Lardy Cake

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Lardy Cake

Postby Oddley » Sun Mar 27, 2005 11:08 am

My old mum is staying with us for Easter. She said to me a couple of weeks ago she would love to have a Lardy cake. She had not seen one about for years.

So I had a search round the Internet and found this recipe. She said it was spot on. So for anybody that wants to give it a try here it is.


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Wiltshire Lardy Cake

Warm or cold, this recipe is sweet, filling and delicious.

Lardy cake originates from Wiltshire, and in the West Country local bakers still make it to their own recipes, cramming in as much lard, sugar and fruit as they or their customers choose.
Ingredients

15 Gram Yeast fresh (1 1/2 tsp dried + pinch of sugar) (1/2 oz)
300 ml Water, warmed (1/2 pint)
450 Gram Strong white flour (1 lb)
1 Teaspoon Salt
75 Gram Lard, diced (3 oz)
75 Gram Butter, diced (3 oz)
175 Gram Mixed sultanas and currants (6 oz)
50 Gram Chopped mixed peel (2 oz)
50 Gram Sugar (2 oz)


Method

Makes 12 slices

Preheat oven to 220 �C / 425 �F / Gas 7. Grease a 20 x 25 cm (8 x 10 inch) roasting tin. Blend the fresh yeast with the warm water. If using dried yeast, sprinkle it into the warm water with the pinch of sugar and leave for 15 minutes until frothy.

Put the flour and salt in a bowl and rub in 15g ( 1/2 oz) of the lard. Make a well in the centre and pour in the yeast liquid. Beat together to make a dough that leaves the sides of the bowl clean, adding more water if necessary. Turn on to a lightly floured surface and knead well for about 10 minutes, until smooth and elastic. Place in a clean bowl. Cover with a clean tea-towel and leave in a warm place for about 1 hour, until doubled in size.

Turn the dough on to a floured surface and roll out to a rectangle about 0.5 cm ( 1/4 inch) thick. Dot one-third of the remaining lard and butter over the surface of the dough. Sprinkle over one-third of the fruit, peel and sugar. Fold the dough in three, folding the bottom third up and the top third down. Give a quarter turn, then repeat the process twice more.

Roll the dough out to fit the prepared tin. Put in the tin, cover and leave in a warm place for 30 minutes, until puffy. Score the top with a criss-cross pattern with a knife, then bake for about 30 minutes, or until well risen and golden brown. Turn out and serve immediately or leave to cool on a wire rack. Serve plain or with butter.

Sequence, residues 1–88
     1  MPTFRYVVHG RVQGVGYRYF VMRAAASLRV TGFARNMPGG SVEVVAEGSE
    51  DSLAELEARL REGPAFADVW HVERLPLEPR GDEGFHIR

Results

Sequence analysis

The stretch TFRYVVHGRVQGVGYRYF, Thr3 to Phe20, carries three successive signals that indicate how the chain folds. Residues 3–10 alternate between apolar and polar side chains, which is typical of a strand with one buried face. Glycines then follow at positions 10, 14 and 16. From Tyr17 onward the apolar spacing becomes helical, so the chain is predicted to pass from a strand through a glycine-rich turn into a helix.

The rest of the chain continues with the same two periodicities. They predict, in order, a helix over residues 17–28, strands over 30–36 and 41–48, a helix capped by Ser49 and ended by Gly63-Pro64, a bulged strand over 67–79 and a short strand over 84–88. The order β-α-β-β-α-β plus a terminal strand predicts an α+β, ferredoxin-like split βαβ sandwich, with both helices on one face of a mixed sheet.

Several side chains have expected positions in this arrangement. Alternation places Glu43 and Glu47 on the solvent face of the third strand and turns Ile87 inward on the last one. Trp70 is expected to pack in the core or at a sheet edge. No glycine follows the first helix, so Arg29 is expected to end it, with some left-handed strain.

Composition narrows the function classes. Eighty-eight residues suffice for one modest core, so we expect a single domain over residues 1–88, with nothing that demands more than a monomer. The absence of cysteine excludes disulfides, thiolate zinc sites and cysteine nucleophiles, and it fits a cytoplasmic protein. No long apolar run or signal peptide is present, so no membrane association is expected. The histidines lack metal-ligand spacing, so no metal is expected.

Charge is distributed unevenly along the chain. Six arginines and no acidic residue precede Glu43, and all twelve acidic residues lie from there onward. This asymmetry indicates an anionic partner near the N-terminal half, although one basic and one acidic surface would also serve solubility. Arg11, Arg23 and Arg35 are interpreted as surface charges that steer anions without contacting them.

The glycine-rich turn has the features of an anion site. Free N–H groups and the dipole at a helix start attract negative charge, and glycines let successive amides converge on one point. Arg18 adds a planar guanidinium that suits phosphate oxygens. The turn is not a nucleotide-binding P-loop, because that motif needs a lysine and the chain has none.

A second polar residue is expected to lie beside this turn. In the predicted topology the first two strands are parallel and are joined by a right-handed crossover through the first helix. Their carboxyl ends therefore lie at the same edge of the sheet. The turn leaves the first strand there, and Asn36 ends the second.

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Postby sausagemaker » Sun Mar 27, 2005 11:37 am

Hi Oddley

Looks really good, You can still buy them around Bournemouth, but it's a far to go for me so I will try your recipe.

Cheers
Happy Easter

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Postby aris » Sun Mar 27, 2005 12:32 pm

Yes, that looks fantastic. Looking at the recipe, I would think it tastes a bit like hot-cross buns?
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Postby Wilf » Sun Mar 27, 2005 4:30 pm

Hi Oddley, I can remember when staying with people near Cheltenham about 25 years ago we used to have dripping cakes which was a local thing from a traditional bakers, and they were delicious, sweet soggy on top inch think squarish cakes with currants in, so may try this one as I havent had one for years
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Postby deb » Mon Mar 28, 2005 5:45 pm

I made Lardy Cakes a while back and the lard leaked out all over the oven. The cakes were lovely but I don't think the cleaning up was worth it.
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Postby Oddley » Mon Mar 28, 2005 6:38 pm

deb you are supposed to put it in a tin. Then you can use any butter or lard that leaks, to brush over the top of the cake, to give a nice sheen.
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Postby deb » Tue Mar 29, 2005 12:53 pm

That would explain why I ended up with such a mess.
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